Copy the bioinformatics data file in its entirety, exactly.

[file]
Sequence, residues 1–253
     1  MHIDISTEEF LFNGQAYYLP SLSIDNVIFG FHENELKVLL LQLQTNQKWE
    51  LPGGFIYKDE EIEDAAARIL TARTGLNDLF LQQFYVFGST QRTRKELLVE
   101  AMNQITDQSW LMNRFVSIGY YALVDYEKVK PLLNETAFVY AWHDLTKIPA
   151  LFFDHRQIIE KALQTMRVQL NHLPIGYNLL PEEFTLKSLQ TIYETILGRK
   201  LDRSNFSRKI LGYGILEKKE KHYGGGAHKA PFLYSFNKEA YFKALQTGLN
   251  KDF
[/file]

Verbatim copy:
Sequence, residues 1–253
     1  MHIDISTEEF LFNGQAYYLP SLSIDNVIFG FHENELKVLL LQLQTNQKWE
    51  LPGGFIYKDE EIEDAAARIL TARTGLNDLF LQQFYVFGST QRTRKELLVE
   101  AMNQITDQSW LMNRFVSIGY YALVDYEKVK PLLNETAFVY AWHDLTKIPA
   151  LFFDHRQIIE KALQTMRVQL NHLPIGYNLL PEEFTLKSLQ TIYETILGRK
   201  LDRSNFSRKI LGYGILEKKE KHYGGGAHKA PFLYSFNKEA YFKALQTGLN
   251  KDF